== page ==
Scientists recently uncovered the largest group of fossilized pterosaur eggs ever. In a 10-foot-long sandstone block in northwest China, they came across 215 eggs – 16 of which have embryonic remains. Discoveries of pterosaur eggs are exceedingly rare. The only previous discoveries with an intact embryo and well-preserved 3D structure include three in Argentina and five in China, so researchers around the world are especially thrilled with this latest find.


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Pterosaurs may have been around on Earth up to 225 million years ago, but vanished with the dinosaurs around 65 million years ago. This new discovery of pterosaur eggs from the species Hamipterus tianshanensis reveals the reptiles – the first creatures following insects to evolve powered flight – actually couldn’t soar right away after they were born, requiring care from parents. Paleontologist Alexander Kellner of the Museu Nacional at the Universidade Federal do Rio de Janeiro told AFP, “Since these are extremely fragile fossils, we were very surprised to find so many in the same place. Because of this discovery, we can talk about the behavior of these animals for the first time.”

Related: Ancient flying reptile was around the size of a small plane

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The eggs are an estimated 120 million years old, from pterosaurs that as adults would have been around four-feet-tall with an 11-foot wingspan. Researchers unearthed partial skull and wing bones, and even one entire lower jaw, filling in some of the gaps in our knowledge about the pterosaur life cycle. The baby pterosaurs would have had functional hind legs not too long after hatching, but weak chest muscles. Kellner said they “could walk but not fly…This is one of the biggest discoveries we have made.”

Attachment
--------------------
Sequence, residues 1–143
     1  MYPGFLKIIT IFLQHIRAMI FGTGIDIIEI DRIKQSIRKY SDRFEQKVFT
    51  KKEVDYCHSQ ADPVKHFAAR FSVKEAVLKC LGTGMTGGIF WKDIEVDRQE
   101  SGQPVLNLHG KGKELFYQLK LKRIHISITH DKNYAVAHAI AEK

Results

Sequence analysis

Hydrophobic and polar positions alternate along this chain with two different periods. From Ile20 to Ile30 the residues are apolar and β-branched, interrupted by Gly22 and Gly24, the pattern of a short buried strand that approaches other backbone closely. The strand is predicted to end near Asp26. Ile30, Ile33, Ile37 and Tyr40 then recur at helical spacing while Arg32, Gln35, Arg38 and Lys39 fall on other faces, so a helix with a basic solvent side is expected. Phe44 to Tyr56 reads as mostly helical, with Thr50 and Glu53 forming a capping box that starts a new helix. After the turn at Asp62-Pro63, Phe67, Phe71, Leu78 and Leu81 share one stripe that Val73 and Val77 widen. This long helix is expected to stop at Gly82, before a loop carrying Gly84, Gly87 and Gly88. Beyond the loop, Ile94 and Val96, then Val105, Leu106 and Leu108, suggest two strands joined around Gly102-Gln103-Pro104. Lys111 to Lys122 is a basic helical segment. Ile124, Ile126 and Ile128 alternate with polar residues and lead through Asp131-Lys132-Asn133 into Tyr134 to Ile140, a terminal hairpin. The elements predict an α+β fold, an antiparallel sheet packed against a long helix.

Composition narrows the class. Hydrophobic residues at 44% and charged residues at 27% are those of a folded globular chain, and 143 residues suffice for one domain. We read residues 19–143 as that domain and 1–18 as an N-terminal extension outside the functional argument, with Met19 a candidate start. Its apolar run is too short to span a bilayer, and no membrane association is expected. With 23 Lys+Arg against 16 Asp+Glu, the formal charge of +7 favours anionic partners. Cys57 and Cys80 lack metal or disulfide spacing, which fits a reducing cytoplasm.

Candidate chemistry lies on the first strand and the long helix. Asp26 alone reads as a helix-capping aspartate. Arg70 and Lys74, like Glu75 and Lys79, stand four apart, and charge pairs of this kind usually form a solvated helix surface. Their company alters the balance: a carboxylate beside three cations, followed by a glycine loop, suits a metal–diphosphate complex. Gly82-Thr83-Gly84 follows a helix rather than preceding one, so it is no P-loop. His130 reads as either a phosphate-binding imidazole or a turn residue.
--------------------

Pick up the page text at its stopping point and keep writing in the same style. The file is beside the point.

Scientists also found some adult pterosaur bones in the vicinity, leading them to think adult pterosaurs may have come back to the same nesting spots.

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The journal Science published the work this month. 17 scientists from institutions in China and Brazil contributed; paleontologist Xiaolin Wang of the Chinese Academy of Sciences led the study. He said there could be as many as 300 eggs at the excavation site – there appear to be some buried beneath the exposed ones.

Via Phys.org, EurekAlert!, and the Chinese Academy of Sciences

Images via Xinhua/Wang Xiaolin/Chinese Academy of Sciences and Alexander Kellner (Museu Nacional/UFRJ) (1,2)